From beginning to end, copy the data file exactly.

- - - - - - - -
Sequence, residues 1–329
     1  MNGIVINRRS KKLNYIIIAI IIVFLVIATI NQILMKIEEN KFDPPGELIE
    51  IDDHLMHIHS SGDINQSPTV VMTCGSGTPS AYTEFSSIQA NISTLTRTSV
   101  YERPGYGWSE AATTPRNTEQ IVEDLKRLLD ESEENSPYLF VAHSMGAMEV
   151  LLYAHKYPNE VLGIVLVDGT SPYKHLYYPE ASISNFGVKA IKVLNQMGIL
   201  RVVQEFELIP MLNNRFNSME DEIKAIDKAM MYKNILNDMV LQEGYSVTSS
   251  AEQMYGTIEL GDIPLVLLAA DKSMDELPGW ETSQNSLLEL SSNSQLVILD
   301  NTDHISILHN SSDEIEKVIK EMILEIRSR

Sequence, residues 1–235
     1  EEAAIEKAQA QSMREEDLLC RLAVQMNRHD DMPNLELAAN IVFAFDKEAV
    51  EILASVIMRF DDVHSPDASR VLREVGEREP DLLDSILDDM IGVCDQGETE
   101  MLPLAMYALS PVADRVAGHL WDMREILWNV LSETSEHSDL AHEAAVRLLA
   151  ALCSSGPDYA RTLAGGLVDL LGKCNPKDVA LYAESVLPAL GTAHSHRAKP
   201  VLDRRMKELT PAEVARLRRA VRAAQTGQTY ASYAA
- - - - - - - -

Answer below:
Sequence, residues 1–329
     1  MNGIVINRRS KKLNYIIIAI IIVFLVIATI NQILMKIEEN KFDPPGELIE
    51  IDDHLMHIHS SGDINQSPTV VMTCGSGTPS AYTEFSSIQA NISTLTRTSV
   101  YERPGYGWSE AATTPRNTEQ IVEDLKRLLD ESEENSPYLF VAHSMGAMEV
   151  LLYAHKYPNE VLGIVLVDGT SPYKHLYYPE ASISNFGVKA IKVLNQMGIL
   201  RVVQEFELIP MLNNRFNSME DEIKAIDKAM MYKNILNDMV LQEGYSVTSS
   251  AEQMYGTIEL GDIPLVLLAA DKSMDELPGW ETSQNSLLEL SSNSQLVILD
   301  NTDHISILHN SSDEIEKVIK EMILEIRSR

Sequence, residues 1–235
     1  EEAAIEKAQA QSMREEDLLC RLAVQMNRHD DMPNLELAAN IVFAFDKEAV
    51  EILASVIMRF DDVHSPDASR VLREVGEREP DLLDSILDDM IGVCDQGETE
   101  MLPLAMYALS PVADRVAGHL WDMREILWNV LSETSEHSDL AHEAAVRLLA
   151  ALCSSGPDYA RTLAGGLVDL LGKCNPKDVA LYAESVLPAL GTAHSHRAKP
   201  VLDRRMKELT PAEVARLRRA VRAAQTGQTY ASYAA